angle and graft length, many B-PT-B grafts cannot be secured
at the joint level, resulting in non-anatomic graft fixation.
In an effort to eliminate these problems, other graft sources
have been explored. The ideal ACL graft should result in minimal
or no damage to the patient’s tissues after harvest. It should
enable immediate rigid fixation and reproduce the normal anatomy
of the native ACL. It should also restore normal proprioception
and kinematics to the knee. Although numerous graft sources have
been reported, currently, no graft material, autograft or allograft,
can meet all these requirements.

In an effort to minimize post-surgical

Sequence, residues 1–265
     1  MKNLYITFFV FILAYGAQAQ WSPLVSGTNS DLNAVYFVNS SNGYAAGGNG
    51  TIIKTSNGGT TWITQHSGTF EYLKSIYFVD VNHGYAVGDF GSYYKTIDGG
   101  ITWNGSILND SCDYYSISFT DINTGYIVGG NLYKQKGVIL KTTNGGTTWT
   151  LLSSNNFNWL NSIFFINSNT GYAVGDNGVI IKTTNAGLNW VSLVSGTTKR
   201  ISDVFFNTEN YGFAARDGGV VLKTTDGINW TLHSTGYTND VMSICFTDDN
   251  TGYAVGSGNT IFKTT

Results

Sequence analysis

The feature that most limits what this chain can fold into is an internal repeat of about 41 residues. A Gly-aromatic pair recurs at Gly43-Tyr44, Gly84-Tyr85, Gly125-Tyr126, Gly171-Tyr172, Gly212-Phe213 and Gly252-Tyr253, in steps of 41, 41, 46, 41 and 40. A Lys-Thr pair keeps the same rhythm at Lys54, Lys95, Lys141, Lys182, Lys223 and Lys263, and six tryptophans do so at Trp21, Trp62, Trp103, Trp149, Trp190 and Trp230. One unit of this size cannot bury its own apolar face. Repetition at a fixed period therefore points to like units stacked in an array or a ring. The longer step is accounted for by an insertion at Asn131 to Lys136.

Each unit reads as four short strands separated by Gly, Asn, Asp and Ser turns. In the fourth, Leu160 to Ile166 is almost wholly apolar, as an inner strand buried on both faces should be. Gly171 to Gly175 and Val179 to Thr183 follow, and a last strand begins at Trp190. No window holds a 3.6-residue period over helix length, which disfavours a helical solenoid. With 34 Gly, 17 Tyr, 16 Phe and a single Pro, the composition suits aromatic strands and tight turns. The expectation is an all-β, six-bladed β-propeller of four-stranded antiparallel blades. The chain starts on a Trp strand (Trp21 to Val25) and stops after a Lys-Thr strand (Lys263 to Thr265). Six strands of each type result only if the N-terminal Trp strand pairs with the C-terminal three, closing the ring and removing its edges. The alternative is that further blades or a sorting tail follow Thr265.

anterior knee pain after ACL reconstruction, the use of semitendinosus/gracilis
tendons has been reported. Advocates of ST-G (hamstrings) point
out that post-operative patellar pain is diminished by virtue
of the patellar mechanism not being violated during graft harvest.
Various authors have reported the incidence of anterior pain
to vary from 3% to 21% following hamstrings ACL reconstruction.<FONT
COLOR=”#ff0000″ SIZE=”-2″>2, 11, 15, 26, 30,
33, 42 However, in the
author’s experience, the use of hamstrings for ACL reconstruction
does not eliminate anterior knee pain in many patients. In addition,
some authors have reported increased tibial translation in females
after ST-G ACL reconstruction. >16

Allograft B-PT-B has been advocated
as an alternative graft source due to the lack of harvest morbidity
and decreased operative time required. SIZE=”-2″>25, 32, 36, 41, 46 However, despite the diminished risk of disease
transmission, opponents of allografts cite reports of prolonged